There are currently several proposals to create national regulation for insurance. Currently, insurers operating in a given state must operate under that state’s insurance laws. A federally chartered insurance company would have to obey all general state business regulations, but it would be regulated by a new federal bureau, which would enforce the same insurance-specific laws throughout the country.
The proposals currently under discussion have many similarities to previous proposals for an Optional Federal Charter (OFC), but are not the same thing. They create a national regulator for insurance, but also allow significant powers to remain at the state level and require the creation of state-level offices.
Were a federal regulatory system to become law, it is highly likely that most sizeable insurance companies would create new federally regulated subsidiaries that would have a measure of legal independence but would operate under the same corporate umbrella as their existing operations. Nearly all insurers would maintain some state-regulated operations alongside these new federally chartered bodies,.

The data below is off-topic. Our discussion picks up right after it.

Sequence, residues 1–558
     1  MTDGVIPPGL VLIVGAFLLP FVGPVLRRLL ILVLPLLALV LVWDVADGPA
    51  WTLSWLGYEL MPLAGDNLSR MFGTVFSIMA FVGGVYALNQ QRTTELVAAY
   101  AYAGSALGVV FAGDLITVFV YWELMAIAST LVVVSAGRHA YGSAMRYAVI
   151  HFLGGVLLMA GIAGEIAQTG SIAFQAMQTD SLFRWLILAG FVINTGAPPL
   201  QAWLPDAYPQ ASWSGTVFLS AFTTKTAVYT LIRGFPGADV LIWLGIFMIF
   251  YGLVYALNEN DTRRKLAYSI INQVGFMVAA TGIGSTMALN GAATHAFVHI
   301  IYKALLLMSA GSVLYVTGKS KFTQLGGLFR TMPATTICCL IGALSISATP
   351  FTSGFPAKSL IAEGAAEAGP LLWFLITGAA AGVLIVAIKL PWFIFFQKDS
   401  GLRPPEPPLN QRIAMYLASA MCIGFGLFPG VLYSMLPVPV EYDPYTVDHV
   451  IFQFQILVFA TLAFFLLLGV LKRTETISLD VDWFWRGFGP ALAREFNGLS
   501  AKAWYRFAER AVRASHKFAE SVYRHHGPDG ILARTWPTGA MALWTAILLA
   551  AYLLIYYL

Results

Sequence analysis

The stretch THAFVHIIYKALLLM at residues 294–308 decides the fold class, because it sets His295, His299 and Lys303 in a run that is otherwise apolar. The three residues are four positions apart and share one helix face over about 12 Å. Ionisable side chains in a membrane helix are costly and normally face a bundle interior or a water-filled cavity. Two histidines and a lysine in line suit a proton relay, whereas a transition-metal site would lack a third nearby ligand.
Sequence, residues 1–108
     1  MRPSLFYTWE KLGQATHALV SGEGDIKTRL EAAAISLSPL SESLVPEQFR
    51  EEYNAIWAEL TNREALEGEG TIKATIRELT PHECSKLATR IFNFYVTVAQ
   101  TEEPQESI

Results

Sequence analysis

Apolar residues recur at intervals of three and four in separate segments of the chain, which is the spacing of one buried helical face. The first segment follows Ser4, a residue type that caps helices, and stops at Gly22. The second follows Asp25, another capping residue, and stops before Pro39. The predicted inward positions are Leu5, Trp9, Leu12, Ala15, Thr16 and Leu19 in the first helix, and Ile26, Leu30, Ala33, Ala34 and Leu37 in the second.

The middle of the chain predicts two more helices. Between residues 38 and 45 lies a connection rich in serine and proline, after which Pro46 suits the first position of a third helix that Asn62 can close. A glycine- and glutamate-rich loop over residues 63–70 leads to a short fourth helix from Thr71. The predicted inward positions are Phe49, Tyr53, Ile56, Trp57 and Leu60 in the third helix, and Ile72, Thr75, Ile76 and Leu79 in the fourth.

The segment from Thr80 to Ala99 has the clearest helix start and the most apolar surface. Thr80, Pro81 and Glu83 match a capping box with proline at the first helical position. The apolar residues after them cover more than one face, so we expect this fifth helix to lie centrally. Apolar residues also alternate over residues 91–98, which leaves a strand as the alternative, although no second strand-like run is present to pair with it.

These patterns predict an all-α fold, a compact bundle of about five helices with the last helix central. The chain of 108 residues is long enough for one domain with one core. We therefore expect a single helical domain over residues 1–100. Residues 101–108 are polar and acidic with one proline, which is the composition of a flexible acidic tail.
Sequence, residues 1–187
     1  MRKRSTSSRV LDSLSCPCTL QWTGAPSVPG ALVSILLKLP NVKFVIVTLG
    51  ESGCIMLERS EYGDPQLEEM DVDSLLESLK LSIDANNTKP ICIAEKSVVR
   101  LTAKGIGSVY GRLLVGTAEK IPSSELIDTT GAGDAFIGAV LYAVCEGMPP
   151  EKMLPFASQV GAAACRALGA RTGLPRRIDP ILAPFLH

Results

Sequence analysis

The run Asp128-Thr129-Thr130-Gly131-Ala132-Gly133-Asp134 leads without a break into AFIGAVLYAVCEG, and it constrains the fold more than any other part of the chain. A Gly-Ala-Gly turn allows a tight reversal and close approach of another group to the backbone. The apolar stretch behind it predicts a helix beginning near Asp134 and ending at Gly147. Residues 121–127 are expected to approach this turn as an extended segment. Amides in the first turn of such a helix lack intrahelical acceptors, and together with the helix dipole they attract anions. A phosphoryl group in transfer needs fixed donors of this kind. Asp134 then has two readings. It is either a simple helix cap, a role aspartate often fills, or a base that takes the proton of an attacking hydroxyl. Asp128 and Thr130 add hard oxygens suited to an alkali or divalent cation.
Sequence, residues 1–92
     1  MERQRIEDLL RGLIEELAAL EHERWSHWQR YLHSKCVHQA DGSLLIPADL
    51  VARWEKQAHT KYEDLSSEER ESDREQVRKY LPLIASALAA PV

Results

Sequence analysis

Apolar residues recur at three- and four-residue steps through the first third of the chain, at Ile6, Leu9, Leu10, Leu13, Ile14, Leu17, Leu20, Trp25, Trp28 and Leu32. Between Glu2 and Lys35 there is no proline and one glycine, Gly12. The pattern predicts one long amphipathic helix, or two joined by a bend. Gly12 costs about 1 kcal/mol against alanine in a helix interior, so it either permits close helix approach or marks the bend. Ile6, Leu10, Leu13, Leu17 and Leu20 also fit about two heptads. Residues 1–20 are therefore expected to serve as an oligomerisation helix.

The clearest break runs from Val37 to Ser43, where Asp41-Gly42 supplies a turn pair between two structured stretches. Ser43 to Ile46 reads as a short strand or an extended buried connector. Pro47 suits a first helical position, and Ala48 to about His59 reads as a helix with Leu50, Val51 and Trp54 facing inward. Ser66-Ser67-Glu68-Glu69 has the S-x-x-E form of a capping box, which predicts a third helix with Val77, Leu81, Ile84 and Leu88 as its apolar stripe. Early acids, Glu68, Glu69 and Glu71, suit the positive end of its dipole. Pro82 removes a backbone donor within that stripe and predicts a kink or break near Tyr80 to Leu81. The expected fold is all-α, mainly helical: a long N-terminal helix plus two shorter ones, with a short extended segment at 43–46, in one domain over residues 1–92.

A bill currently before the House of Representatives (H.R. 1880) would create a new national mechanism to oversee property and casualty, life, and commercial insurance. Medical insurance would not be included. Treasury Secretary Timothy Geithner has also proposed a degree of national oversight for insurers and a companion bill to H.R. 1880 is expected to appear in the Senate soon.
The proposals before Congress would set up new national mechanisms to protect consumers against insurance fraud and to ensure federally chartered insurers’ solvency. These systems would work similarly to existing state-level bodies. In other words, a degree of government oversight would remain. The proposed House and Senate bills contain no mechanisms to let government set rates. However, about 45 states do have such laws and much of the controversy over these bills stems from the fact that the proposals would create new federal laws.